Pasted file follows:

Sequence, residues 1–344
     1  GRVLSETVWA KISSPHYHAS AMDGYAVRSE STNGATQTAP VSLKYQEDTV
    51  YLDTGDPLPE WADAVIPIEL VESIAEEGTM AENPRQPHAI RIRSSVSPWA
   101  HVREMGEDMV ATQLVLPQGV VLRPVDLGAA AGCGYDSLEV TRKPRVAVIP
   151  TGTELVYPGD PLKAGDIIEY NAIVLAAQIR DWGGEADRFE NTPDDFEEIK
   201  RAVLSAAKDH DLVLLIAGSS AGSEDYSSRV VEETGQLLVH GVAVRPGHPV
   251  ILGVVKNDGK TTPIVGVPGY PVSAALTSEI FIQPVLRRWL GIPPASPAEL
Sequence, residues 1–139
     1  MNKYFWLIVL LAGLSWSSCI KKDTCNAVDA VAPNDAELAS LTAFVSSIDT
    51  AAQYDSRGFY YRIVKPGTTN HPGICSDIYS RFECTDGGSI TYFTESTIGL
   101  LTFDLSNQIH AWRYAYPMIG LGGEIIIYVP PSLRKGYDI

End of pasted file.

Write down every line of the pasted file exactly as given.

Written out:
Sequence, residues 1–344
     1  GRVLSETVWA KISSPHYHAS AMDGYAVRSE STNGATQTAP VSLKYQEDTV
    51  YLDTGDPLPE WADAVIPIEL VESIAEEGTM AENPRQPHAI RIRSSVSPWA
   101  HVREMGEDMV ATQLVLPQGV VLRPVDLGAA AGCGYDSLEV TRKPRVAVIP
   151  TGTELVYPGD PLKAGDIIEY NAIVLAAQIR DWGGEADRFE NTPDDFEEIK
   201  RAVLSAAKDH DLVLLIAGSS AGSEDYSSRV VEETGQLLVH GVAVRPGHPV
   251  ILGVVKNDGK TTPIVGVPGY PVSAALTSEI FIQPVLRRWL GIPPASPAEL
Sequence, residues 1–139
     1  MNKYFWLIVL LAGLSWSSCI KKDTCNAVDA VAPNDAELAS LTAFVSSIDT
    51  AAQYDSRGFY YRIVKPGTTN HPGICSDIYS RFECTDGGSI TYFTESTIGL
   101  LTFDLSNQIH AWRYAYPMIG LGGEIIIYVP PSLRKGYDI